Few healthcare professionals receive training in deaf awareness, and inadequate treatment of hearingloss is estimated to cost the NHS £30million/year. Barriers to communication mean people with hearing loss are less likely to seek healthcare, have poorer access to health information, and consequently experience adverse health outcomes. Creating a culture of deaf awareness, accessibility and communication in the NHS is therefore a much-needed healthcare priority.
The first step in this work is a national survey to collect information from people with hearing loss and their parent/carers, to define the problem. Our survey, designed by a multidisciplinary team of colleagues and patient advocates, has received favourable ethical approval from the University of Cambridge, and already has over 600 responses. We are currently producing a BSL version of the survey, for accessibility to the Deaf community. The results of the survey will be analysed by a team of experts in qualitative and quantitative methods, to identify and prioritise research priorities regarding hearing loss awareness and used to inform the production of educational resources to create a culture of deaf awareness, accessibility, and better communication.
Impact of ENT UK Foundation funding
This long-term impact of this work will be to reduce health inequalities and barriers to communication for people with hearing loss. In the immediate future, the identification and prioritisation of research themes on this topic will lead to the development of our collaborative, inter-disciplinary research team, and applications for funding grants and NIHR portfolio inclusion, to create a body of valuable research on this theme. In turn, this research will inform educational priorities for healthcare staff, to create the culture of communication and accessibility we aim for.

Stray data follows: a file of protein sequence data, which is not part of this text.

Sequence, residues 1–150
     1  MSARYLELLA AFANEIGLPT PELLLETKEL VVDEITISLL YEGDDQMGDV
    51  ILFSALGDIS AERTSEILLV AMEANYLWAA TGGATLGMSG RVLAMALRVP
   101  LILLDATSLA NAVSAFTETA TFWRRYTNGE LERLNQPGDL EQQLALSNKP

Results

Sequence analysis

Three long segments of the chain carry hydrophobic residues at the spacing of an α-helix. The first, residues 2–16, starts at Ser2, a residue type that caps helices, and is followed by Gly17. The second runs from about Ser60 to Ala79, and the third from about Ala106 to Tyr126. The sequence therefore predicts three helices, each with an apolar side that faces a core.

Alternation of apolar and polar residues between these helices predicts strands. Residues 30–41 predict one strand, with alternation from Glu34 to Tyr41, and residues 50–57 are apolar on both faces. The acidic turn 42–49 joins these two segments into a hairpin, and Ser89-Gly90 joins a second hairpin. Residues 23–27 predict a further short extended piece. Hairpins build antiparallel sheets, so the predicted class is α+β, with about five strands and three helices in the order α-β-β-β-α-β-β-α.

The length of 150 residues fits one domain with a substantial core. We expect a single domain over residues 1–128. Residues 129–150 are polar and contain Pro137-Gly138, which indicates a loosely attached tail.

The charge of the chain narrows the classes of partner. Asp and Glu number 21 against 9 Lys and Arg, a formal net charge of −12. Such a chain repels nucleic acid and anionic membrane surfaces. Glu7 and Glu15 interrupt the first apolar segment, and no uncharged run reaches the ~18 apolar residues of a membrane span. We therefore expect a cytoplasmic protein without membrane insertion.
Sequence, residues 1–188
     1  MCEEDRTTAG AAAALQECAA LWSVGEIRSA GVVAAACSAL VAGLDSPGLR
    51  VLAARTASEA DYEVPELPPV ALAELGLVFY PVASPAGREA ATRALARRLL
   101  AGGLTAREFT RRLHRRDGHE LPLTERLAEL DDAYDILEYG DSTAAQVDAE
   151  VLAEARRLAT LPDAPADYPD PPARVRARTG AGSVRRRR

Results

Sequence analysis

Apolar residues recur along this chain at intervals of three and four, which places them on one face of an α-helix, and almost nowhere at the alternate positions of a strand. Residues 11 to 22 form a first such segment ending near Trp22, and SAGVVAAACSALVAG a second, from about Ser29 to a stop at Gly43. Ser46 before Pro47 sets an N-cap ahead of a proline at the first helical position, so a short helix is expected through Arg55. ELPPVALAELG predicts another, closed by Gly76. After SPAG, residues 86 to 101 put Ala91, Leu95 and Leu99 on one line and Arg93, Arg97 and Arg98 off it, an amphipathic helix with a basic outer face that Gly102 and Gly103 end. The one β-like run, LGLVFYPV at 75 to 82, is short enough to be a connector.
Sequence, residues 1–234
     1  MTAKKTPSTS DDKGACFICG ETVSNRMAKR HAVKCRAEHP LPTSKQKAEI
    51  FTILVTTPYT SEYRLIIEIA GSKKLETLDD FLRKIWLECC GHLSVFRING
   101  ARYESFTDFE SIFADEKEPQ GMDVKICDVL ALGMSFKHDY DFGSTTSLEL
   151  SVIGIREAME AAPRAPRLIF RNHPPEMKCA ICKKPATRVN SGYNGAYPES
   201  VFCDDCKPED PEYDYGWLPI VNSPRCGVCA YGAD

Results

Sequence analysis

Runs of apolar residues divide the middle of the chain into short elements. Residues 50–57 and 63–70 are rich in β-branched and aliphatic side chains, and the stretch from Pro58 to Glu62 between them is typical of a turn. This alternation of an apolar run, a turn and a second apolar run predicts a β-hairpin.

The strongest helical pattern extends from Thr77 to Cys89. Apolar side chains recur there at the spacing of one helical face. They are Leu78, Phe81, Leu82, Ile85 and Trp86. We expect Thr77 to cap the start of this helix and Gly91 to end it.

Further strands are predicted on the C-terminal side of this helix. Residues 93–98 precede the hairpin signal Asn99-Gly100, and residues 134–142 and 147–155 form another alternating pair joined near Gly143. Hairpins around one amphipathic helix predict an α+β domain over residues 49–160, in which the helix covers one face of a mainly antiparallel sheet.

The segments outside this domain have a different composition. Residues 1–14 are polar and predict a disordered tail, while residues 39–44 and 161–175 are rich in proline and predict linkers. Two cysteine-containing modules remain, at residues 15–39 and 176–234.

Who is involved?
Core research team: Emma Stapleton (ENT), Laura Turton (Audiology), Bhavisha Parmar (Academic Audiology), Sarah Hughes (Academic SALT), and Zara Musker (STP student and patient advocate).
After gaining ethical approval and structuring our survey questions with input from ENT, Audiology, SALT, Charity representatives and Deaf patient advocates, the survey was distributed via online patient groups and mailing lists.
One of the initial feedback responses was that accessibility of the survey was limited for Deaf people who cannot read or write. We responded to this by having our survey questions translated into British Sign Language videos.
We currently have over 500 completed survey responses, and are working on quantitative and qualitative analysis of the data, with two main research questions:
- What are the current problems with Deaf awareness in the NHS?
- What can we do to improve this?
It is expected that once analysed, these data will be written up as two peer reviewed publications, with authorship including ENT, Audiology, SALT, Charity representatives and Deaf patient advocates.
The next step following this will be to put the recommendations of this work into action, likely involving educational initiatives for Deaf awareness and communication for NHS professionals, as well as a body of ongoing research activity.